26 January 2012

reflections on "The Writing Life"

Tonight, I was reading Annie Dillard's The Writing Life. While her experience with writing is far different than my own (to be expected, I suppose), the book still resonates with me in ways that I am not sure I can search out. And I fear that this musing may prove to be rather solipsistic.

I've been reading since I was five, listening to stories since I was less than a year old. And something of what Dillard had to say about reading seemed apt to my experience: “Why are we reading, if not in hope of beauty laid bare, life heightened and its deepest mystery probed?” (Annie Dillard, The Writing Life, 1989, p. 72). I read for many reasons. I want to know the story. I want to know the whys, the reasons for a happening. I was profoundly disturbed by a recent dream I had, and much of that was because my dream dropped me into the middle of the story, so I didn't know why the person I was in the dream was doing what she was doing.

I want to know why. I want to start at the beginning, turn the pages, and continue to the end, through the whole entralling journey.

I have been writing since...late grade school? I'd been telling myself stories for years before that. What I write, and why I write, changes year by year, because I change. My motivations shift. Dorothy Sayers' words, "Write it out and get rid of it," have been a primary reason at many times. I work out my thoughts, my feelings, my understanding, through essays and poems and stories. I let the words pour out, and grow to understand my self and my world better. At times it has seemed like I must write. The notebook that lives in my purse attests to this at times, certainly, as would the notebooks I kept for years.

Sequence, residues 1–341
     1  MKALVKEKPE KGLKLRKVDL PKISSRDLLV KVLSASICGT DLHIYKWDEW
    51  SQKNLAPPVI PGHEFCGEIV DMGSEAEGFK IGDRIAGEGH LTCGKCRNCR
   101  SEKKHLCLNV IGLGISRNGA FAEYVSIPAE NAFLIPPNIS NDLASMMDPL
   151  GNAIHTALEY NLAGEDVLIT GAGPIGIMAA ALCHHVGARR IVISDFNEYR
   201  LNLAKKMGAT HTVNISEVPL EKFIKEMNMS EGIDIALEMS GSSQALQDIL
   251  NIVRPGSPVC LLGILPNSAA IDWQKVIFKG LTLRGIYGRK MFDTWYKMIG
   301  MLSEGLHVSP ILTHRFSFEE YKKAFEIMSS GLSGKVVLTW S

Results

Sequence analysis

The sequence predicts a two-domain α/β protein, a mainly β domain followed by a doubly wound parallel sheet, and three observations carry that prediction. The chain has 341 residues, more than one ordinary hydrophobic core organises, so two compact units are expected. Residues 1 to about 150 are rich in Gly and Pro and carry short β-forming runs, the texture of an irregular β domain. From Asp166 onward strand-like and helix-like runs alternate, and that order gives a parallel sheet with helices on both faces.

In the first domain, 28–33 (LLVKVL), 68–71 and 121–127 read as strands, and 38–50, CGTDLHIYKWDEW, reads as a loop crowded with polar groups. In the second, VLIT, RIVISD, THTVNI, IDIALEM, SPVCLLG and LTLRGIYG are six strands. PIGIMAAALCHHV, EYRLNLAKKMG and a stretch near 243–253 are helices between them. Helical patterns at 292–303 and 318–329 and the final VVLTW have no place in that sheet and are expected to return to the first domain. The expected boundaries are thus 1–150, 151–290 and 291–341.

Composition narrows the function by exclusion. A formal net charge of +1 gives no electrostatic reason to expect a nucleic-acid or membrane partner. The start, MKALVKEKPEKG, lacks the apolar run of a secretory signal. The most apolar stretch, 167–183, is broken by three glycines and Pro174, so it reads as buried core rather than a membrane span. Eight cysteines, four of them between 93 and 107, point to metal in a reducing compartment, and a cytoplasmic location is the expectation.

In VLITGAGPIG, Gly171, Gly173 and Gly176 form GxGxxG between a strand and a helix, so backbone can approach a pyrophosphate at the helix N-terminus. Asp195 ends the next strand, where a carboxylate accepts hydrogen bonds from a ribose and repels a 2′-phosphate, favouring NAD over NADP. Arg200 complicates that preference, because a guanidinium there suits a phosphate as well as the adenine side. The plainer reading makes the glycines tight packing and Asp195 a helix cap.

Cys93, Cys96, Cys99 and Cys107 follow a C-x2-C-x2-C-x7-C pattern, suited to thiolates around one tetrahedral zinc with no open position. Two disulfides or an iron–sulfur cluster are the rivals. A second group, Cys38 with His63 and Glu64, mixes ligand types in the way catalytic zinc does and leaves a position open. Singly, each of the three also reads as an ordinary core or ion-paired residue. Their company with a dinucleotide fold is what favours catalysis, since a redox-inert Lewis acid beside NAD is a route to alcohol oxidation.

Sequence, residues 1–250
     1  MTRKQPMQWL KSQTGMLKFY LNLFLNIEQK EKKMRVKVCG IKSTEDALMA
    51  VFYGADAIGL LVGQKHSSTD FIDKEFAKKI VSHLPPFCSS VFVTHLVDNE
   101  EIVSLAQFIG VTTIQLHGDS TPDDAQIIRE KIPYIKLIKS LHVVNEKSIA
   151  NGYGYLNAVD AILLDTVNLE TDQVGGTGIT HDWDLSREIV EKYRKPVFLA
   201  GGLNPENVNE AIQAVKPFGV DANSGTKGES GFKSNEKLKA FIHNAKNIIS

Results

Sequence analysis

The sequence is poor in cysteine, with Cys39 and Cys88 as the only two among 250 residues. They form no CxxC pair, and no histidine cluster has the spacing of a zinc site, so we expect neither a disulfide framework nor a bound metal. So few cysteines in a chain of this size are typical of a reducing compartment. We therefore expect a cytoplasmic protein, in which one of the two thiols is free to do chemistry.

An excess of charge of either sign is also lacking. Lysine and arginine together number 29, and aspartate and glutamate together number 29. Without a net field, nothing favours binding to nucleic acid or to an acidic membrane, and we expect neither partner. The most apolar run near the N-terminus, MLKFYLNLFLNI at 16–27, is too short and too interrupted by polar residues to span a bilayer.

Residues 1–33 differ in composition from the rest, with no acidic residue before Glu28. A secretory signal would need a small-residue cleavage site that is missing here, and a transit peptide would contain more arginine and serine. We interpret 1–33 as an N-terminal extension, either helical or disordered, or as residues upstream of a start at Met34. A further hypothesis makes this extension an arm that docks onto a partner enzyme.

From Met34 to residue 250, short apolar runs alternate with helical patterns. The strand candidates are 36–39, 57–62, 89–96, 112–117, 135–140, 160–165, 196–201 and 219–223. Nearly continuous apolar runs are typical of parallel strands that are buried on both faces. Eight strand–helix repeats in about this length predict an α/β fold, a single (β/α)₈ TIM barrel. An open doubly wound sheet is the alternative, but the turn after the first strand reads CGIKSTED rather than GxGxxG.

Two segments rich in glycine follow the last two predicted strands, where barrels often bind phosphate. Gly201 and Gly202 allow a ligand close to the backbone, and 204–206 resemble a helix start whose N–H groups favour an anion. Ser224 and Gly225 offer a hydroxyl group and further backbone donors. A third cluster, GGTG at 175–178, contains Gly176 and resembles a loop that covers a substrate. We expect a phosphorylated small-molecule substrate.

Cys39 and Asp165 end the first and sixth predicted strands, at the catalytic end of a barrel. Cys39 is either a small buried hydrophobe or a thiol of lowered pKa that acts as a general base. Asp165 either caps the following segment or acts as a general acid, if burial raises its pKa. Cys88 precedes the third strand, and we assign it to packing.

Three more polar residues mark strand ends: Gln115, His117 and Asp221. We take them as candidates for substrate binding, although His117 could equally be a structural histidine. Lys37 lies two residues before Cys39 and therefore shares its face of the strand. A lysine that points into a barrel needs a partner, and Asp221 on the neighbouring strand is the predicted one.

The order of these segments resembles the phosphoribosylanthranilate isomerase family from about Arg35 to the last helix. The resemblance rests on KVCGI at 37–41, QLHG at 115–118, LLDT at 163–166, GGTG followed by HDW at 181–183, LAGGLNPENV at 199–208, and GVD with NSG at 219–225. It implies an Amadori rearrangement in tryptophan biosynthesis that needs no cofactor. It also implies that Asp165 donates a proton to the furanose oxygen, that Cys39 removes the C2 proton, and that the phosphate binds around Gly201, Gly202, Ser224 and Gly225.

Articulation through words is easy. But articulating what I keep silent is hard. Grasping at the truths found in the stillness, I write, trying to find my way. Much of what I struggle with remains in my mind, where I turn it over and over again, sorting through it, asking again what it means, but little of it finds its way onto the page. Some of it finds itself in conversation, in the discussions that I have with those who are kindred spirits. Sometimes it emerges in what I make, my thoughts silent, yet visible to me in the stitches of the items I knit.

Tonight some of those thoughts are spilling into these typed words. I write to tell the stories that spill into my mind, from circumstance, from thoughts of possibility, from the dreams I experience. And I write to explore what I cannot understand. Tonight, I am trying to follow that resonance with Dillard's words to its source, which I have yet to find.

24 January 2012

the elusion of sleep

One of my favourite authors, Sarah Vowell, wrote an essay on insomnia some years ago. I'm fond of that essay, partly because it is humourous. Now, partly because I can sympathize.

The question, of course, is, what should I do when I'm awake in the middle of the night? There are a multitude of things I could do with my time.